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Author Topic: What is plasma? Why is it referred to as the fourth state of matter?  (Read 2085 times)

Offline johnson039

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why plasma is called as the forth state of material?

(Title modified into the form of a question. Mod)
« Last Edit: 05/12/2008 08:35:26 by chris »


 

lyner

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1. We all love to categorise things.
2. There are sufficient differences in the properties of a plasma and the general properties of the other three states to warrant giving it a separate classification.

BUT any taxonomy can lead you into trouble because of borderline cases.
 

Offline Soul Surfer

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It is an obvious and logical process.  look at the properties of each state.

A solid is a material where the energies of the molecules are low enough to allow the intermolecular forces to hold the atoms rigidly in place and cause it to be rigid.


A liquid is the case where the molecules have enough energy for the molecules to slide by each other and not have a rigid form but the energy is not enough for the molecules to be entirely free.

A gas is where the molecules have a high enough energy to overcome intermolecular forces and all the molecules are free and individual but there is not enough energy to ionise any of the molecules.  Gases in general do not conduct electricity.  (solids and liquids can conduct electricity if the action of the intermolecular bonds can liberate electrons to flow through the material this is in general true of metals.)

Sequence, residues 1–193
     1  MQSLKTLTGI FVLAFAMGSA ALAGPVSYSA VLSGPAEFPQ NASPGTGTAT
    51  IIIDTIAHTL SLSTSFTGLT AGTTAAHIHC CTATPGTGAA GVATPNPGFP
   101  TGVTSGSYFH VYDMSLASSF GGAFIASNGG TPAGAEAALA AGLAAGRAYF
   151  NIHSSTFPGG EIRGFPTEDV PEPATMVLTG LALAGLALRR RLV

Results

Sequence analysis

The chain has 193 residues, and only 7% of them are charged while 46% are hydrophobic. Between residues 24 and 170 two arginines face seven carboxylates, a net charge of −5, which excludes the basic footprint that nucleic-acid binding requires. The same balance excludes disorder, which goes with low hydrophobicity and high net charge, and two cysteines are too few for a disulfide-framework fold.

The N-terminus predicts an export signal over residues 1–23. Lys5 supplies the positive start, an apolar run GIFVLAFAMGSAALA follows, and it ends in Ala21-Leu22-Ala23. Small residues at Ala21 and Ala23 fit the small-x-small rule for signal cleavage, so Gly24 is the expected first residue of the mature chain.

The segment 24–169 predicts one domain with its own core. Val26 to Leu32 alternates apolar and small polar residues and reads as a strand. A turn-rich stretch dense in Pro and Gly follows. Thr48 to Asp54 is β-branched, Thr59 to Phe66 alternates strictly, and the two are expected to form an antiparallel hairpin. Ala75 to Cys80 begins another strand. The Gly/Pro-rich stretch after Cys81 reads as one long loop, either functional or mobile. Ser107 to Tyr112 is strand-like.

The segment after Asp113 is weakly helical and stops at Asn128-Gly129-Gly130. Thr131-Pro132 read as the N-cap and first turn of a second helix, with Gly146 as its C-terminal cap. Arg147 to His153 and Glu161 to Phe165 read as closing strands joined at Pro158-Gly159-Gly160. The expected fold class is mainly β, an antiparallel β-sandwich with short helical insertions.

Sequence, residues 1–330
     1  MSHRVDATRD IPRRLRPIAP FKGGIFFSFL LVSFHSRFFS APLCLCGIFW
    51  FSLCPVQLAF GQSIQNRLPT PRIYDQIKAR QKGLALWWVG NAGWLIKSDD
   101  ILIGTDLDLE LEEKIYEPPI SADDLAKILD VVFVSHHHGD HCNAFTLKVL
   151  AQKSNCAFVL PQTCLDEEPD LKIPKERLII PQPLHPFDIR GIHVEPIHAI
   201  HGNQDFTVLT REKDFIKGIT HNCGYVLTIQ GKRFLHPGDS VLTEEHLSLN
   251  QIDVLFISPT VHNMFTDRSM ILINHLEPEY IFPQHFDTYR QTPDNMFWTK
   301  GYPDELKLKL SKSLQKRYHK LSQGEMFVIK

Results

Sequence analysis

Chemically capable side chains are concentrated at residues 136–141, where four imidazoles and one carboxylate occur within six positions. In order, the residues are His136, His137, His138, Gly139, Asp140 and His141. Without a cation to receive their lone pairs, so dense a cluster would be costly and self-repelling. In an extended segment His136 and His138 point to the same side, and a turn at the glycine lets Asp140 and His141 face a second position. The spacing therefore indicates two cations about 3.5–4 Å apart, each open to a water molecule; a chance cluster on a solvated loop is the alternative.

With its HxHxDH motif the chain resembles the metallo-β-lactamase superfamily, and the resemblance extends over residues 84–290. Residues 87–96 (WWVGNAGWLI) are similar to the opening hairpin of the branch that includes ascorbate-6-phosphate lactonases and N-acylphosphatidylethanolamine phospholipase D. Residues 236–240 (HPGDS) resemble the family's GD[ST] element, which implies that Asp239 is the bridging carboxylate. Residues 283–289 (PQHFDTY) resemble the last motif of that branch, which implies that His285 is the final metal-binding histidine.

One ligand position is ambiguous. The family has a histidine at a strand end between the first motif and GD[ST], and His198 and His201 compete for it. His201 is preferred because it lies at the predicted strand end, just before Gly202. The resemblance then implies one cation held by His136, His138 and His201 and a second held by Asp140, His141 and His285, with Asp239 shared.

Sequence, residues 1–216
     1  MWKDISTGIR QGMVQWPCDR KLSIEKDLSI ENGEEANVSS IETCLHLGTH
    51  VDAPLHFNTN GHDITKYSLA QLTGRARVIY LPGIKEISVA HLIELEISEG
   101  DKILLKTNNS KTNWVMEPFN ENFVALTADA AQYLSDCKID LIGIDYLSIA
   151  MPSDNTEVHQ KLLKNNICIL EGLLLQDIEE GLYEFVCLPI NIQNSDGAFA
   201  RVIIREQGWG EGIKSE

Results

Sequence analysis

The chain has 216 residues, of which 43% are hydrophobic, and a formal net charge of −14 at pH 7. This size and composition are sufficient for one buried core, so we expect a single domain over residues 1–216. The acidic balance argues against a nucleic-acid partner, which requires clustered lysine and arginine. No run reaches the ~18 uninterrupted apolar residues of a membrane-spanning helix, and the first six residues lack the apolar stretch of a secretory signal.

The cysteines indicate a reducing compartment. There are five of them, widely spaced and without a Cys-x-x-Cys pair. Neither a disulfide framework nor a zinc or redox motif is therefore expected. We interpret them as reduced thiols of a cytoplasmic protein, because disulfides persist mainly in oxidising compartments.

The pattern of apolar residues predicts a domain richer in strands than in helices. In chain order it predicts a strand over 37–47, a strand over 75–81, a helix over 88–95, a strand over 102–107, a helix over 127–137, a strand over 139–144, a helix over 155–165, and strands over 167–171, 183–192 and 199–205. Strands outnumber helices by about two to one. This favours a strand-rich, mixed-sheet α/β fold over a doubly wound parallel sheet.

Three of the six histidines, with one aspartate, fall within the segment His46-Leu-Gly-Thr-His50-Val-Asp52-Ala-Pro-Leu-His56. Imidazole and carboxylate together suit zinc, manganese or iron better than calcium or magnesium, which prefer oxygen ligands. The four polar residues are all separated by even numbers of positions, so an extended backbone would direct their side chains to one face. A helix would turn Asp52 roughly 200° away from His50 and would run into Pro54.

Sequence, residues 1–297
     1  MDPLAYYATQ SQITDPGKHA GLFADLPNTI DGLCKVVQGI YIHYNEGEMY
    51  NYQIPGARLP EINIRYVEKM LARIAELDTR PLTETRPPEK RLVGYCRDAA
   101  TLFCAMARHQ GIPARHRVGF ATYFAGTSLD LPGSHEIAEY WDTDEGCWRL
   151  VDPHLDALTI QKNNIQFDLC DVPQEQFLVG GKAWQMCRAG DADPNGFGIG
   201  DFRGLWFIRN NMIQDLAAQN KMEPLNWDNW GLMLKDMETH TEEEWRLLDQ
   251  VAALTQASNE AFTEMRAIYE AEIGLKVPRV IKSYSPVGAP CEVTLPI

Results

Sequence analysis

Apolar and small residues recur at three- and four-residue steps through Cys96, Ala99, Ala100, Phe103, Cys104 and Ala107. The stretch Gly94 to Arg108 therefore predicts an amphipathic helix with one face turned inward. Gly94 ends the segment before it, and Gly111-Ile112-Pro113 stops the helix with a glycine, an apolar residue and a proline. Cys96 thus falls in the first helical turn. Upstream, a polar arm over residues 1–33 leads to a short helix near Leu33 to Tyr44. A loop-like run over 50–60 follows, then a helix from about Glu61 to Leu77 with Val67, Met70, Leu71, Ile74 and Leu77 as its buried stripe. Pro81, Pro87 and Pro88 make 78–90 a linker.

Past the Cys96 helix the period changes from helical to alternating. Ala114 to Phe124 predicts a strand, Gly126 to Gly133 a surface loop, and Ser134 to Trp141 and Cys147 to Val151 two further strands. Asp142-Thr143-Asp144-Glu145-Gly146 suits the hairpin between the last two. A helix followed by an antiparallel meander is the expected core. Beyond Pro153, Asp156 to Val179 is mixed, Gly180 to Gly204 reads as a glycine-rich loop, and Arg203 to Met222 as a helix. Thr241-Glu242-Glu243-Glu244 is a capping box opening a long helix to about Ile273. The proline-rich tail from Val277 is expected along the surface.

When the molecular energy levels (temperature) are high enough for electrons to be liberated from the molecules the gas becomes a plasma and has fee charges in it and therefore conducts electricity.

Because of the high temperatures (thousands of degrees K ) needed to create and maintain plasmas these are not encountered normally on the earth's surface except briefly during electrical discharges like lightning and were not included when people originally coined the term the three states of matter.

There are further higher energy states. 

neutron star material occurs at temperatures and pressures where individual nuclei are broken down

The quark gluon plasma occurs when particle energies are so high that individual nucleons are broken down into their component quarks.

« Last Edit: 04/12/2008 00:04:40 by Soul Surfer »
 

lyner

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Quote
plasmas these are not encountered normally on the earth's surface except briefly during electrical discharges like lightning
Here is an example of taxonomy problems. The Ionosphere is a region which is ionised for long periods of time. Although its temperature is not high (it would feel cold up there) the presence of cosmic rays gives some of its particles with high KE. It behaves like / is a plasma and reflects radiowaves.
 

Offline DoctorBeaver

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What about Fermionic Condensates, Bose-Einstein Condensates and Filaments?  ???
 

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